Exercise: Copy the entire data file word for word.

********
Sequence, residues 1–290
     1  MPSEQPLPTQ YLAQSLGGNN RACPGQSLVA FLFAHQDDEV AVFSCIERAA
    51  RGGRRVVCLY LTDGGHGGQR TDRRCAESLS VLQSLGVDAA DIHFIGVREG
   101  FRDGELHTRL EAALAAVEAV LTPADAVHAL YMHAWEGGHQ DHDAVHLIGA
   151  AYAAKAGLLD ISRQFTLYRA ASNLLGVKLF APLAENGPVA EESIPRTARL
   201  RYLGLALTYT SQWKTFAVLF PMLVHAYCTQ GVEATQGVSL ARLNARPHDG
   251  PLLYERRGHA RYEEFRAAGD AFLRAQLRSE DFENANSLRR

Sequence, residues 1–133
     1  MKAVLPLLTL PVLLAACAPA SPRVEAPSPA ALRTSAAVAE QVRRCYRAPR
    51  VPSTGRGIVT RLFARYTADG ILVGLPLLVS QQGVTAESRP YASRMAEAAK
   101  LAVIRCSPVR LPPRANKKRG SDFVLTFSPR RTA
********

Sequence, residues 1–290
     1  MPSEQPLPTQ YLAQSLGGNN RACPGQSLVA FLFAHQDDEV AVFSCIERAA
    51  RGGRRVVCLY LTDGGHGGQR TDRRCAESLS VLQSLGVDAA DIHFIGVREG
   101  FRDGELHTRL EAALAAVEAV LTPADAVHAL YMHAWEGGHQ DHDAVHLIGA
   151  AYAAKAGLLD ISRQFTLYRA ASNLLGVKLF APLAENGPVA EESIPRTARL
   201  RYLGLALTYT SQWKTFAVLF PMLVHAYCTQ GVEATQGVSL ARLNARPHDG
   251  PLLYERRGHA RYEEFRAAGD AFLRAQLRSE DFENANSLRR

Sequence, residues 1–133
     1  MKAVLPLLTL PVLLAACAPA SPRVEAPSPA ALRTSAAVAE QVRRCYRAPR
    51  VPSTGRGIVT RLFARYTADG ILVGLPLLVS QQGVTAESRP YASRMAEAAK
   101  LAVIRCSPVR LPPRANKKRG SDFVLTFSPR RTA